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20 Tips for Learning a Foreign Language (Part 2)


Last week, we shared with you 10 tips for learning a foreign language. As promised, we are back with 10 additional tips to interact with the language that you are learning on a regular basis. From scheduling routines to playing games, these 10 tips will help you integrate a foreign language into your everyday life!

11. Try to think in ideas rather than words when speaking

The end goal is to think in the language you’re learning. Of course, this is easier said than done. One way to achieve this is by forcing yourself to provide answers or explanations using phrases rather than individual words like “Yes” or “No”.

A good trick is reusing some of the words in that were used to formulate the questions. Once you can put together a verb with a noun or a subject, you should be trying to create phrases in your mind.

12. Identify key sounds that are strange to your ears, then isolate them and practice them

tips-for-learning-foreign-language-myngle-soundWe are all taught a database of sounds and structures. Because languages often have overlapping sounds, this can help to accelerate learning. However, unfamiliar sounds can create mental blocks. Anticipating these mental blocks will help you overcome them when they are heard.

Take a strange sound and find words which rhyme. This will help you to practice the sound, thus preparing you for the next time you hear that sound. Poetry or songs can be very useful in this regard. You may even recreate the pronunciation of this sound by using your mother tongue, so that the sound is more natural to you.

13. Identify pronunciation patterns

Pronunciation is one of the most difficult things for learners of a foreign language. Especially, in the case of languages in which the sounds may not always appear in the same way as they are written, for example English. An effective strategy can be isolating patterns in the language so that they are easier to remember.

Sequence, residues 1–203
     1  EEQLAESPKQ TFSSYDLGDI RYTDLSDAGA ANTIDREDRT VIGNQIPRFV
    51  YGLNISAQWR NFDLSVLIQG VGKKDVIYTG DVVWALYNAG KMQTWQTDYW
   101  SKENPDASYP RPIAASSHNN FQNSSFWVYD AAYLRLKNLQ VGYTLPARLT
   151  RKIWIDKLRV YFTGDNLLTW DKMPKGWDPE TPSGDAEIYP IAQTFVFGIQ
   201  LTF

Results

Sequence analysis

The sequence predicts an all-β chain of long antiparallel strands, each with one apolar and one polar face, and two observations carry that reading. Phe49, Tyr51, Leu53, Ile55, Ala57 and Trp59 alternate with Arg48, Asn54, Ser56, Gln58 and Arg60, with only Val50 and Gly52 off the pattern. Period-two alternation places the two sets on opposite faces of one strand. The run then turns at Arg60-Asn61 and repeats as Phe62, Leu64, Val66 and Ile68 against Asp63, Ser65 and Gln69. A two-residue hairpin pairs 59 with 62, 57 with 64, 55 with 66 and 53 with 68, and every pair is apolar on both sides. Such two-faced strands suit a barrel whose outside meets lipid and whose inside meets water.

For instance, in English, the terminations ‘-tion’ ‘-ment’ and ‘-ing’ have a consistent sound. Ask your teacher to help you identify those patterns and try to become familiar with those that are used often. Understand too that the sound may not always appear as they are written, especially in English.

14. Strive for 15 minutes of exposure to the language each day

tips-for-learning-foreign-language-myngle-timeOne of the most effective things that you can do is to practice your new language every single day. Nowadays, thanks to the use of technology, there are multiple ways in which you can expose yourself to the target language you are studying. For example:

  • writing an email
  • reading/watching the news in the target language
  • listening to a podcast/radio in the language
  • switching the language of your phone or web browser

You can also try to establish a conversation with someone who doesn´t speak your native language. This way, the other person might be more willing to listen to you with more patience and attention. This is way better than practicing a scripted conversation that does not fit your everyday life and that you may never use.

Eventually, as you gain confidence, you will see as those 15 minutes of practice go farther. Being able to maintain a simple conversation is a huge reward in and of itself, making it easier to keep you motivated!

15. Choose a certain time of the day/week to only speak in the language you are learning